Ethical Performance
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CSR: how it has changed and how it will develop

November 2003

To mark this 50th issue, EP considers the forces shaping corporate social responsibility – and looks at how the field is likely to develop in future

When the first issue of Ethical Performance appeared in May 1999, there were no socially responsible investment indices, the European Commission had not begun to address the topic and very few large companies were aware of it. A Fortune 100 company even thinking about producing a CSR report was news. Four-and-a-half years on, the world’s biggest two equity index providers have SRI indices, the EC is working on its second CSR white paper, and 48 of the Fortune 100 publicly report on their social and environmental performance.

CSR has become mainstream. Why? One answer is that companies have realized CSR enables them to manage aspects of their business which conventional tools cannot tackle. A second is that the information revolution has made it easier to shine a spotlight on unsavoury business practices. Third, CSR is relatively cheap. If influential interested parties, such as investors, are saying the company needs to take more account of these issues, and it doesn’t cost too much, why not give them what they want? Fourth, global corporate governance scandals have highlighted the importance of monitoring non-financial performance. Fifth, the appreciation of intangible assets, as seen in the gap between the market value and the book value of companies.

Deeper trends are also at work: beneath the CSR field, a seismic shift in the relationship between companies and the societies in which they operate is taking place. Large companies, more than any other organ of society, realize this, which is why the majority have embraced CSR.

The more interesting question, however, is where CSR goes from here. One article cannot hope to answer this question in full – subsequent EP analyses will consider in more detail CSR’s future direction.

To start with, we will point to two drivers – one internal, one external. One of the biggest changes in the last four-and-a- half years is that CSR now has a life of its own. In the early days, the pressure for change came largely from outside the company. Increasingly, it is from inside: CSR is being professionalized, and new management structures are evolving. Work to date has focused on codes of conduct: these will remain important as a reference point and ‘glue’, but there are signs of different departments taking their own approaches, with internal audit, compliance, legal and facilities teams all increasingly active.

Marketing departments and product developers will find themselves having to put the same energy and creativity into selling sustainable solutions as into unsustainable ones.

This spread of activity into operational areas beyond the ‘CSR department’ will create a need for training, an area which will prove fertile ground for consultancy services. CSR departments themselves will not ‘wither away’ as some predict, because companies will need a management team to co-ordinate the disparate elements, and to provide training for staff.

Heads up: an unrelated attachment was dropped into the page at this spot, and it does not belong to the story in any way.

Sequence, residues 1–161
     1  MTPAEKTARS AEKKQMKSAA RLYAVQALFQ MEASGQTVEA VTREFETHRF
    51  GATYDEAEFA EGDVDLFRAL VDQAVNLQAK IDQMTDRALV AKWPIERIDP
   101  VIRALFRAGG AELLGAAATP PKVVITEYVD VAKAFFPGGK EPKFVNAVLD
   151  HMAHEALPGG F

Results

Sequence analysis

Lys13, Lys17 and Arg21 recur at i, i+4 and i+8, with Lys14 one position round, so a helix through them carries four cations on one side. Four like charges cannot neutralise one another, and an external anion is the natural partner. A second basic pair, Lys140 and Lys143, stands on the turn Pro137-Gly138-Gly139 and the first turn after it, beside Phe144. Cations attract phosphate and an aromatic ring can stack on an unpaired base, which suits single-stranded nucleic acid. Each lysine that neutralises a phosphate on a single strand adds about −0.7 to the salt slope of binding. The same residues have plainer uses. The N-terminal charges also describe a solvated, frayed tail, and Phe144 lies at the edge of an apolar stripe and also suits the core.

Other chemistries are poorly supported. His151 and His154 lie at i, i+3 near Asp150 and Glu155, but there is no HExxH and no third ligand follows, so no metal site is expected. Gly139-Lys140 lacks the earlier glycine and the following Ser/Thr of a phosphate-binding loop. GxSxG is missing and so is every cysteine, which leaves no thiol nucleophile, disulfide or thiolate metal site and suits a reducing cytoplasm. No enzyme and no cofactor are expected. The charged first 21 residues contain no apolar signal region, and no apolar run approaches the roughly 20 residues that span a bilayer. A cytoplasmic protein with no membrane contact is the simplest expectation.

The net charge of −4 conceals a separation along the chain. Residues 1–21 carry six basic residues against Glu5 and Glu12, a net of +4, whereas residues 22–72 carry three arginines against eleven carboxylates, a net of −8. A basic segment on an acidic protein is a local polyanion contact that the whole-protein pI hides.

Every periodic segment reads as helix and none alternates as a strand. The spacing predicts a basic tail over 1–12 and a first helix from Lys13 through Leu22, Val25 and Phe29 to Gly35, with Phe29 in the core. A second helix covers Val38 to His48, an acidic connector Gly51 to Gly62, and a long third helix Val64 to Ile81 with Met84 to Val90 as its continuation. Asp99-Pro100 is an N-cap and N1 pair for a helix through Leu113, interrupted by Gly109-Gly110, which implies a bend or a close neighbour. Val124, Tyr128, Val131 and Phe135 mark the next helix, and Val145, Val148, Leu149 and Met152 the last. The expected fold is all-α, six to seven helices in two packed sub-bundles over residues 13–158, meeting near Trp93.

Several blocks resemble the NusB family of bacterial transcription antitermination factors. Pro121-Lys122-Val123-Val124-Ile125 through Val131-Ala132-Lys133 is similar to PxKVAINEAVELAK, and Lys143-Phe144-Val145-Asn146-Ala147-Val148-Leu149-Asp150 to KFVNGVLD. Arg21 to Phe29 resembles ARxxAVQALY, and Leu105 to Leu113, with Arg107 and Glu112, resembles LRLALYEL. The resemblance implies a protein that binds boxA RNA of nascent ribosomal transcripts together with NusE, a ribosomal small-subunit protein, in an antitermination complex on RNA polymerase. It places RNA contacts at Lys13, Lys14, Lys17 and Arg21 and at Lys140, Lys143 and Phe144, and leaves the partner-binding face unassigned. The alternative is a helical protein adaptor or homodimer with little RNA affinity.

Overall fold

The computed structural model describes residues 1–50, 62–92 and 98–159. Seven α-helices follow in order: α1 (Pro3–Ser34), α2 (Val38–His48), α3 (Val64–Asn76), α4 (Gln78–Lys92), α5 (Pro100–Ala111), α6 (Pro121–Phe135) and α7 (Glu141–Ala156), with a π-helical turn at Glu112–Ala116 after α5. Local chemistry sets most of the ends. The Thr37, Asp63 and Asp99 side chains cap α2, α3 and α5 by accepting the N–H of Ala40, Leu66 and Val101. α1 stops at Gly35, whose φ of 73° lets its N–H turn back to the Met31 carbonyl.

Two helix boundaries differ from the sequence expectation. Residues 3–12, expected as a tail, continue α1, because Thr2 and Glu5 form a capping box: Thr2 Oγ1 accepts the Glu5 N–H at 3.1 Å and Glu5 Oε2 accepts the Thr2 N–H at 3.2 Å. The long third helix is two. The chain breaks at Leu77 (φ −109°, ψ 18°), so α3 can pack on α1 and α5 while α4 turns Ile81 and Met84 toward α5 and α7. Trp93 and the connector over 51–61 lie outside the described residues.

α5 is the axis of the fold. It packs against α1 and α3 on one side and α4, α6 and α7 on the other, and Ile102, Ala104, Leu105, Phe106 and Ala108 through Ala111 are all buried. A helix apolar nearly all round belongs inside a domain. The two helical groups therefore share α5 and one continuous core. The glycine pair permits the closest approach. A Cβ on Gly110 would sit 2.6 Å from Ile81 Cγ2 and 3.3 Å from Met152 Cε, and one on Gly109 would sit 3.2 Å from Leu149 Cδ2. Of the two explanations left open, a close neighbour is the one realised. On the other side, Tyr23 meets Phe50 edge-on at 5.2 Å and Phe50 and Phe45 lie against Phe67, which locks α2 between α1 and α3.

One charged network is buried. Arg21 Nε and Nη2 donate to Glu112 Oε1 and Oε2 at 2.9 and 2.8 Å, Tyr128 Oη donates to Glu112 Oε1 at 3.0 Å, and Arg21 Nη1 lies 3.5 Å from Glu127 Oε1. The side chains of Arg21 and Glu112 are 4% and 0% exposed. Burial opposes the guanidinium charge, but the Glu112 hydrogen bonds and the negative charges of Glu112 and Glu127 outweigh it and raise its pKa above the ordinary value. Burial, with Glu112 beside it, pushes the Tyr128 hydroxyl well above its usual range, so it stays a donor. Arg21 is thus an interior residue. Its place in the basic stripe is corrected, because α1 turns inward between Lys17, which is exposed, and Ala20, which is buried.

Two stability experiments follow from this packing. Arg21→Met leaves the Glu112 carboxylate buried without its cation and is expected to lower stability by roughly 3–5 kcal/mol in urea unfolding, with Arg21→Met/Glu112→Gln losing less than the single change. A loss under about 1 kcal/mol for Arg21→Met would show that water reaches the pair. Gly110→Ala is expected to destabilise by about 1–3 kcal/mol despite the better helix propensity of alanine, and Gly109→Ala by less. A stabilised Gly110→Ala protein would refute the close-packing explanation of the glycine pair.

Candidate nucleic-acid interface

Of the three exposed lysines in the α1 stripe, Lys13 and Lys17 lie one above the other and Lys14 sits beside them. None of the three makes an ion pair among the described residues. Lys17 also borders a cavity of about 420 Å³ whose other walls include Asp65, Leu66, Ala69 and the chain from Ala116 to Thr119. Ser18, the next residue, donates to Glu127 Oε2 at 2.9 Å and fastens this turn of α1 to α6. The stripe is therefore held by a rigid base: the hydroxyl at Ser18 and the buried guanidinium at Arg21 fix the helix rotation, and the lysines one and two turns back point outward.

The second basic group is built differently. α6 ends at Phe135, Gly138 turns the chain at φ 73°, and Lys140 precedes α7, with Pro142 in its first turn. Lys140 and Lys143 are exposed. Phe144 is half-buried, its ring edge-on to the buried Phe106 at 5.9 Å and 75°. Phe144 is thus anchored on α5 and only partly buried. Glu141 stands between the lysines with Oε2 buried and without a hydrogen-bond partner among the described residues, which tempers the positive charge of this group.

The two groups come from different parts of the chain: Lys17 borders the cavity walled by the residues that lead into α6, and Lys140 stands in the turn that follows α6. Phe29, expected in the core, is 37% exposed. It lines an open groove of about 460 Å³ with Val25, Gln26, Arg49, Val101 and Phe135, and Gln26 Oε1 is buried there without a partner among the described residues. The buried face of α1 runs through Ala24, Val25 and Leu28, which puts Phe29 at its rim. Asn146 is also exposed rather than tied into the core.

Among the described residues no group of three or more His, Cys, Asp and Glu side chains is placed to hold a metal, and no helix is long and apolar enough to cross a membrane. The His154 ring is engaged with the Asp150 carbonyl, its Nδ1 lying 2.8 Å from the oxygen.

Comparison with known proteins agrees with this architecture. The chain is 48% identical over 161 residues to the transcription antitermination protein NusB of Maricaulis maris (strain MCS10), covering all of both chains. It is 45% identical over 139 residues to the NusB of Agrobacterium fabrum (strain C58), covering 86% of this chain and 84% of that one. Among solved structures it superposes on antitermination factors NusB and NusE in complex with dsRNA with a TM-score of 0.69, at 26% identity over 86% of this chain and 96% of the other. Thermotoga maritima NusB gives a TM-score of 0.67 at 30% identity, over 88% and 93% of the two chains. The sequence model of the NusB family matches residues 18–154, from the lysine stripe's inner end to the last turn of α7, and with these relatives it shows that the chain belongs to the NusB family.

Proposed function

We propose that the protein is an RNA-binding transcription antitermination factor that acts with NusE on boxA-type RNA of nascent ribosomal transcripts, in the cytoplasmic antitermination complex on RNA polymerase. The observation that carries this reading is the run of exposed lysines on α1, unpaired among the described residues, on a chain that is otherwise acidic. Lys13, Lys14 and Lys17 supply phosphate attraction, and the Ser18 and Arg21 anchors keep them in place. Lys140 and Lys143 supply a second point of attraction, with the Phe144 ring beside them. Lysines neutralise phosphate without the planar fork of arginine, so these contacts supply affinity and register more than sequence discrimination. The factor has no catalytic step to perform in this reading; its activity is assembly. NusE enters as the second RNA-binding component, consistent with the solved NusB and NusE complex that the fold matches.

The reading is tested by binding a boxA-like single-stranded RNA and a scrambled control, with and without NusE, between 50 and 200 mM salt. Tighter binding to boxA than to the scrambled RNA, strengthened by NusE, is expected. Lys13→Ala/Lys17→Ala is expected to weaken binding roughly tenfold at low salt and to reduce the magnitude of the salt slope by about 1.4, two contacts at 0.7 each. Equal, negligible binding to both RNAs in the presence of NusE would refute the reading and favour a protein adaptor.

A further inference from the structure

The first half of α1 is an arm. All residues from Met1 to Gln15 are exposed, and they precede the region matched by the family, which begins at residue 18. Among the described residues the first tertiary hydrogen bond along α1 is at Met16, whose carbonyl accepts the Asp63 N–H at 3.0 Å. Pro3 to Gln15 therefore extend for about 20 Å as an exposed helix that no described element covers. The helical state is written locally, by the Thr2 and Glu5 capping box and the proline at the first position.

Overall, the emphasis will shift from data collation and reporting to the substance of CSR. Sophisticated communications strategies will be developed and the communications department will become allies of CSR managers, insisting that CSR policy needs to be aligned with wider business objectives in order to put an effective message to internal and external audiences.

Investor relations will become the new frontline. Indeed, institutional investors represent the most powerful single external source of pressure on listed companies in the forseeable future. The trend for investors in the US and UK to collaborate on social and environmental issues will accelerate because a joint approach carries greater weight with the company or sector concerned and saves research and engagement costs for the investors.

While a new bull market may reduce the current high level of shareholder activism, a ratchet effect will operate in respect of investor initiatives already under way. Shareholder activism will therefore grow as governance concerns widen to include social and environmental issues.

Investors will increasingly sing from the same hymn sheet as pressure groups and governments on key issues such as climate change and extractives payments.

As SRI grows, retail SRI funds will continue to act as an early warning system for companies, alerting them to possible future investor concerns. A market upturn will see niche funds launched with innovative criteria to tap unmet ethical investment concerns.

Investment institutions will not be immune to disclosure pressures: voluntary codes will increasingly oblige them to become more transparent and to develop CSR policies.

Ultimately, the business case for investing in a company that meets social and environmental criteria in preference to one that does not may never be proven conclusively because there are many factors influencing performance. Investors will simply add social, environmental and ethical concerns to the range of issues they consider when making investment decisions.




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